Latinos in California are twice as likely to be murdered than whites, and they're more likely to be killed by a stranger, according to a new report by a nonprofit that advocates for changes to the criminal justice system.
The report paints a picture of "cumulative disadvantage" for Latinos, who are more likely than whites to be victims of crime in general, and experience unequal treatment at all levels of the criminal justice system despite being the largest ethnic group in the state.
Latinos, for example, are more likely to be shot than whites, and their homes more likely to be burglarized.
They are also more likely to be survivors of more than three crimes.
An increase in immigration has also led to a rise in hate crimes against Latinos, according to the report.
The report also found latinos are generally treated worse by the criminal justice system.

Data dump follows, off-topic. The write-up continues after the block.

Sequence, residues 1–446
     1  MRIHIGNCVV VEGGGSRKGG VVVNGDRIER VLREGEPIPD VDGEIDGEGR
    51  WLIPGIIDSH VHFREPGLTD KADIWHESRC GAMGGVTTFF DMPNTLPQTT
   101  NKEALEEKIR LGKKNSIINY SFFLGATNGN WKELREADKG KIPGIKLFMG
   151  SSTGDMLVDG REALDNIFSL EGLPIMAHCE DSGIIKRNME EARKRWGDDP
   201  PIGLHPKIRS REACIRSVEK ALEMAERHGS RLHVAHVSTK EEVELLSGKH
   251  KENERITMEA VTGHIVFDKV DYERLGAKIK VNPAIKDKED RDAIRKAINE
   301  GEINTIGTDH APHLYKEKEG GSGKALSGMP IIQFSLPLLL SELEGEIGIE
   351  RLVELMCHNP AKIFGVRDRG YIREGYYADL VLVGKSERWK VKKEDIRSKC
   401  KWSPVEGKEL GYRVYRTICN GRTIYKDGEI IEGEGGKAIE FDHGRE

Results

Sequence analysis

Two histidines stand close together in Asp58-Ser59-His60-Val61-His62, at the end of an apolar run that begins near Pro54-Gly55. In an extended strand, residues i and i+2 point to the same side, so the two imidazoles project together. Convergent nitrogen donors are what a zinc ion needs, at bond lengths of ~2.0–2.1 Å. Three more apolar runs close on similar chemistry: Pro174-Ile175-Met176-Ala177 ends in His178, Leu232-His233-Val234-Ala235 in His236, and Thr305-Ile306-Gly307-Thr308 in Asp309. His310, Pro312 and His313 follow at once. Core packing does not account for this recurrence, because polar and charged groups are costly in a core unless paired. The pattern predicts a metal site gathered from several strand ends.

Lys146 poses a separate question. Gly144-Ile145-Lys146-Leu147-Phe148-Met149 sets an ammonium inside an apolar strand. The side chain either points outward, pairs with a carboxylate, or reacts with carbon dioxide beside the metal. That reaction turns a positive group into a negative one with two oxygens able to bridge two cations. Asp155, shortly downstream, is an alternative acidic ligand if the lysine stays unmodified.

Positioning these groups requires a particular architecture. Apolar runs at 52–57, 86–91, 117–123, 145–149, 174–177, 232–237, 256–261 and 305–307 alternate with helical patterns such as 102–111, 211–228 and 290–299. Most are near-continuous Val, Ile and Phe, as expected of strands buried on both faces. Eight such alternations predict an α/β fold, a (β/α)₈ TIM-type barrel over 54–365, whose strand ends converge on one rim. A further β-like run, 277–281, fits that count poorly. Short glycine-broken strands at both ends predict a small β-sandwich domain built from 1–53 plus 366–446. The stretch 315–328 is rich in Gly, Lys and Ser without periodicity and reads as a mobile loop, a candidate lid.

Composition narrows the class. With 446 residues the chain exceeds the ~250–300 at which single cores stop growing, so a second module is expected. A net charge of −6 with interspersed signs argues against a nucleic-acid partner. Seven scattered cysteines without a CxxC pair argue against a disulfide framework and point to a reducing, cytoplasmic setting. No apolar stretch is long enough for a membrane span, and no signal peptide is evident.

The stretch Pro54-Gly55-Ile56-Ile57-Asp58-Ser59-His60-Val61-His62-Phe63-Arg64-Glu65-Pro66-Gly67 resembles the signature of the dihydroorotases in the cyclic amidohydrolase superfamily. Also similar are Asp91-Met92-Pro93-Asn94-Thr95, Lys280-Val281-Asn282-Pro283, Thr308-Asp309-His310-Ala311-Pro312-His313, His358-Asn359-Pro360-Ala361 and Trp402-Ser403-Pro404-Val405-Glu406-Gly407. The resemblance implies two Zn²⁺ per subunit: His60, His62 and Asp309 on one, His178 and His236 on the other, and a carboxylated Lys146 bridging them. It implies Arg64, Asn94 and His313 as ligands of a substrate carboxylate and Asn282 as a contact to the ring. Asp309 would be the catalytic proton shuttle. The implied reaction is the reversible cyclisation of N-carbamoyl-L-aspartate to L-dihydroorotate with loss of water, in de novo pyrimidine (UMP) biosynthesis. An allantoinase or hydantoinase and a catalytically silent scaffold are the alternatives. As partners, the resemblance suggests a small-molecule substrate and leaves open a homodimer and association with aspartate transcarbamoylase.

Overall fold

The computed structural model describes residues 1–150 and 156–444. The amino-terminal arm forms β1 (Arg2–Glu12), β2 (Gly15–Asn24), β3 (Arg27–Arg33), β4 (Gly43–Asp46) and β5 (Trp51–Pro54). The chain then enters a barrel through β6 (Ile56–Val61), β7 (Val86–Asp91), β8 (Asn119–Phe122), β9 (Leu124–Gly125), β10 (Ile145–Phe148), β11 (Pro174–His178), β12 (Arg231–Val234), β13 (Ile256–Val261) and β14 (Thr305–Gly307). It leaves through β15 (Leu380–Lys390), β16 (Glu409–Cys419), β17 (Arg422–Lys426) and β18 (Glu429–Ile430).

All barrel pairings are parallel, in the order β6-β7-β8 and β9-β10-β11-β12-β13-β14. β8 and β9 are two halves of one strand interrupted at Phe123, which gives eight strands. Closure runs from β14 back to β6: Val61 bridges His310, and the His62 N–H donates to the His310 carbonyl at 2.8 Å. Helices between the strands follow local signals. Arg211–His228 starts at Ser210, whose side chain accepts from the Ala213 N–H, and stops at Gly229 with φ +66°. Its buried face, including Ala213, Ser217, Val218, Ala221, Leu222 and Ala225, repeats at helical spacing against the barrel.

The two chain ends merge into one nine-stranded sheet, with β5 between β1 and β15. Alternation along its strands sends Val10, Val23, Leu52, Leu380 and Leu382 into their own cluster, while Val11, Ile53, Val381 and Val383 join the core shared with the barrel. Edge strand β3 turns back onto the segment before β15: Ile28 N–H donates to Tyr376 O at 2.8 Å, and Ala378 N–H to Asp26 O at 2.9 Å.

Latinos are just as likely as whites to be re-arrested and convicted after they are released from prison, but they are punished with incarceration at a much higher level.
California has a list of people they believe to be involved with a gang. Latinos make up two-thirds of the list.
The report by Californians for Safety and Justice is built on research conducted by the Tomás Rivera Policy Institute at the University of Southern California.
It also points out the shortcomings of studies that use "Latinos" as a catchall phrase, and calls for more detailed and comprehensive data collection that takes into account the varied experiences of subsets of the Latino population.